There are many well-known ways to lower your car insurance bill, from raising your deductible to reducing coverage on older vehicles, or simply comparing rates between providers.
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But thanks to the "Internet of things" -- that is, the trend of taking everyday objects and giving them network connectivity -- there's a new, high-tech way you can bring down your cost for car insurance. And though it's becoming more popular by the day, chances are you haven't even heard of it yet.
CalAmp's LMU-3030 Tracking & Telemetry device, Credit: CalAmp Corp.
So you're a good driver? Prove it and save.
It's called usage-based insurance (UBI). More specifically, I'm talking about UBI based on telematics hardware and software. And lucky for early investors, an Internet of Things company called CalAmp Corp. is paving the way for UBI policies to become more mainstream.
Specifically, CalAmp sells a variety of automotive telematics devices equipped with GPS, accelerometers, and access to your car's onboard diagnostics system. By using CalAmp's UBI solutions, insurance companies can accurately measure not only your vehicle's speed and location, but also detect and analyze hard braking, sharp cornering, and fast acceleration -- or lack thereof.
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Long story short, if you opt for a usage-based auto insurance policy, CalAmp can help prove to your insurance company what a wonderful, safe driver you are. And your insurance company, in turn, can comfortably reward you with a lower rate.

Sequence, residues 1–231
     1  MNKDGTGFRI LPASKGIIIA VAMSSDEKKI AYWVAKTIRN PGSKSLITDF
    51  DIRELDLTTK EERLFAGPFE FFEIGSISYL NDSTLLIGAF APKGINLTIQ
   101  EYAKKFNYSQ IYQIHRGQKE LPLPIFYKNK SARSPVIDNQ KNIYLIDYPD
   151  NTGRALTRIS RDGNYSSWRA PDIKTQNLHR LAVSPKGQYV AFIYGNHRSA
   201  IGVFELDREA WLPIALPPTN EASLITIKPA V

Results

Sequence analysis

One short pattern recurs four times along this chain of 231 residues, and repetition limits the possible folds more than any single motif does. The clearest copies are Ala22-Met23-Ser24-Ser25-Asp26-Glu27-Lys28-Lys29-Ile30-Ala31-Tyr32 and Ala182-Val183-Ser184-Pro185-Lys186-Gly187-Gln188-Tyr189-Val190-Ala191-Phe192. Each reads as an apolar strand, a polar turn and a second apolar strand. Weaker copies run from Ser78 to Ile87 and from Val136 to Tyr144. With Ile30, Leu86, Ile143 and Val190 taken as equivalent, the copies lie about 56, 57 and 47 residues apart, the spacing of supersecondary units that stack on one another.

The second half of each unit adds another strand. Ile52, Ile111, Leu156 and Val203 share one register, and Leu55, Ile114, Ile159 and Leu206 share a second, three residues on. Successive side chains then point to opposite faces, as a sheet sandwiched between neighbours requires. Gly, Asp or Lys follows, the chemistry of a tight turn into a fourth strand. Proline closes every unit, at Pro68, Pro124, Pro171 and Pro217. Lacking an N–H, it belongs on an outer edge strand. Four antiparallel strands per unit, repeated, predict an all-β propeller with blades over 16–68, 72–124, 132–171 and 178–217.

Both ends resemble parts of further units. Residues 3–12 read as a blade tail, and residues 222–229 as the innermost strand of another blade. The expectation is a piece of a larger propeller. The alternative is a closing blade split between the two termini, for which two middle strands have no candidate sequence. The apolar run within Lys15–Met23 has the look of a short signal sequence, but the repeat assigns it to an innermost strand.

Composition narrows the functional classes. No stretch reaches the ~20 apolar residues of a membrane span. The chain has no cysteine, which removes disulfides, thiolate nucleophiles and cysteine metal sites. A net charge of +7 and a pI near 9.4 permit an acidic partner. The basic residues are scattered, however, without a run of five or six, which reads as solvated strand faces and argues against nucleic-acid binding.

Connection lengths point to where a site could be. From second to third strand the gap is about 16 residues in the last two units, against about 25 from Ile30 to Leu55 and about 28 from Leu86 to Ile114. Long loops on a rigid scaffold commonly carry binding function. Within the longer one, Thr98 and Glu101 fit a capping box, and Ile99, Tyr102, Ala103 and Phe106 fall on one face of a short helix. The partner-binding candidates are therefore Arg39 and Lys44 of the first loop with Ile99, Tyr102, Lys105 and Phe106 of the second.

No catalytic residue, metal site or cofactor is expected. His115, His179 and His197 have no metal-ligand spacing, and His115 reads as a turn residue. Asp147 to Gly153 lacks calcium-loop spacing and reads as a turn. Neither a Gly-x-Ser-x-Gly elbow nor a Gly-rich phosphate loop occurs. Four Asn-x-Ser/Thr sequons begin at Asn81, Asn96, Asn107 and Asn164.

In addition, for all you safety conscious folks out there, CalAmp's devices can aid in stolen vehicle tracking and recovery, roadside assistance, crash detection, and the collection of crucial pre- and post-impact data for accident reconstruction.
UBI is still young
According to a study last year from LexisNexis, only 38% of consumers are aware of insurance telematics. And within that group, only 18% have actually signed up for a telematics-based UBI policy. All told, that means such plans currently account for just 2% of all U.S. personal auto insurance policies.
CalAmp's UBI revenue stream is similarly young; Though CalAmp's revenue from insurance products is on track to grow roughly 50% year over year in fiscal 2015, that will still mean less than $12 million in annual sales, or less than 5% of CalAmp's expected fiscal 2015 total.
At the same time, this also means UBI still has plenty of room to grow. In fact, some industry estimates predict within five years, UBI policies could represent a full 20% to 30% of the overall market.
Sure enough, last quarter CalAmp management insisted "We continue to believe usage based insurance can be a major growth driver for CalAmp over the longer term, particularly as we explore various options to add value beyond hardware devices."
To add perspective on that comment, the majority of CalAmp's business in UBI comes through selling their hardware devices to partners, who currently include Himex, Modus, and RAC.These partners then use CalAmp's devices to collect the data for their own comprehensive UBI solutions, and resell those solutions to insurers. But rather than playing such a narrow role in just providing hardware, CalAmp would obviously love to secure more direct, recurring business in this fast-growing market by licensing its own higher-margin UBI software and services along with those devices.
CalAmp has also stated during recent investor conferences that it's"gaining traction" in this emerging market. But given its massive growth potential, you can bet we'll be listening closely for any additional details CalAmp is willing to offer regarding its UBI efforts in the coming quarters.
In the meantime, it might just be worth checking out a few UBI policy providers to see how much you can save.
The article Want Lower Car Insurance? This Internet of Things Company Can Help originally appeared on Fool.com.
Steve Symington has no position in any stocks mentioned. The Motley Fool recommends CalAmp. Try any of our Foolish newsletter services free for 30 days. We Fools may not all hold the same opinions, but we all believe that considering a diverse range of insights makes us better investors. The Motley Fool has a disclosure policy.
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